It is about a woman who can not come toterms with her position in the middle class. Although she knows she can notescape her class, she refuses to accept it gracefully. It is through Matildethat Maupassant develops the story’s irony. This is reflected throughMatilde’s daydreaming, which only serves to torment her, the loss of thenecklace borrowed for show, which only worsens their economic position, andfinally, their unnecessary sacrifice. The irony begins with Matilde’s frequent daydreaming.
She is a beautifuland charming woman who feels ;herself destined for all delicacies and luxuries;(4). Fate, however, placed her among the middle class where life was verysimple. For her, the only means to a more affluent class was through herimagination. She dreams of ;large silent anterooms, expensive silks and ofachievement and fame that would make her the envy of all other women; (4). Whatshe fails to realize is that these daydreams only make her more dissatisfiedwith her real life. As a result, she becomes more focused on what she does nothave rather than what she does have.
Contributing to the irony is the borrowed necklace. Matilde’s husbandbrings a coveted dinner invitation home, and her first reaction is concern forappearances. She tells her husband that they can not possibly go because shehas "nothing to wear" (5). Her husband agrees to buy her a new dress. This,however, is not enough for Matilde; she needs jewelry. She explains that,without jewelry, she will appear "shabby in the company of rich women" (6).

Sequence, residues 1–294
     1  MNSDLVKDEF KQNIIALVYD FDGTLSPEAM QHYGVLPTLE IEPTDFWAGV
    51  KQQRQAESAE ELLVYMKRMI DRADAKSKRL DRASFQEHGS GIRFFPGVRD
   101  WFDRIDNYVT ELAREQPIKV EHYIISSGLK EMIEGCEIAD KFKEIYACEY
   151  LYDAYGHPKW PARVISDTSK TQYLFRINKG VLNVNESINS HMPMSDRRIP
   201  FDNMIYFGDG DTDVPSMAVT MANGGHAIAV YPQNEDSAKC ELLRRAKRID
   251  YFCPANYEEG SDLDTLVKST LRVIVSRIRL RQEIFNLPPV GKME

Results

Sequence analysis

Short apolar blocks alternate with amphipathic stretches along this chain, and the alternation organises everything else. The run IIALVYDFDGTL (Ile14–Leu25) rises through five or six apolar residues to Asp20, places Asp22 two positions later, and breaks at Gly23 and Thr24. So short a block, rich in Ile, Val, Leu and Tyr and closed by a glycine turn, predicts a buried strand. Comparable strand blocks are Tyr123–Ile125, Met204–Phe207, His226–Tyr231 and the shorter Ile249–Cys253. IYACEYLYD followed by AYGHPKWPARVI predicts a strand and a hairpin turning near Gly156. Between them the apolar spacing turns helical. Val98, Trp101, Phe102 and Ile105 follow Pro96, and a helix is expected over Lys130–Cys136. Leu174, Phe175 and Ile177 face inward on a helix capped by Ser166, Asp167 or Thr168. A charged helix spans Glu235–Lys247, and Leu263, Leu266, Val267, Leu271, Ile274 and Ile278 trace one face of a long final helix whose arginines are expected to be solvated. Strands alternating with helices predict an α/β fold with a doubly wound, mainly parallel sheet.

Inher quest to present herself as a wealthy woman, she decided to borrow a "superbdiamond necklace" (6) from a friend. Unfortunately, upon arriving home,Matilde noticed that the necklace was lost. When the necklace can not be found,Matilde and her husband have no choice but to replace it. As a result,Matilde’s desire to appear part of the upper class has only succeeded in makingthem part of a lower one.
Without a doubt, the most ironic part of the story is the Loisel’sunnecessary sacrifice. The Loisel’s decide to replace the necklace withouttelling the owner of its loss. ;In a shop in the Palias-Royal, they found anecklace that seemed to them exactly like the one they were looking for; (8). They secure the thirty-six thousand for the necklace from Mr. Loisel’sinheritance and in the form of loans.
They struggle and live in poverty for tenyears to pay off the necklace. By now, Matilde looks old. "She had become thestrong, hard, and rude woman of poor households" (9). Matilde is walking alongthe Champs-Elysees when she encounters the friend who loaned her the necklace.
Her friend is shocked when Matilde finally tells her about the necklace. It isthen that Matilde learns that the necklace her and her husband toiled to replacewas only costume jewelry. Even among the rich there are apprearances to keep up. Maupassant, through irony, shows us that in pursuit of wealth or statusit is easy to forget what one already has to appreciate. Also, appearances arejust that, no matter what class you belong to. Because Matilde did notunderstand this, desire to rise above the middle class was replaced with adesire to merely rise above poverty.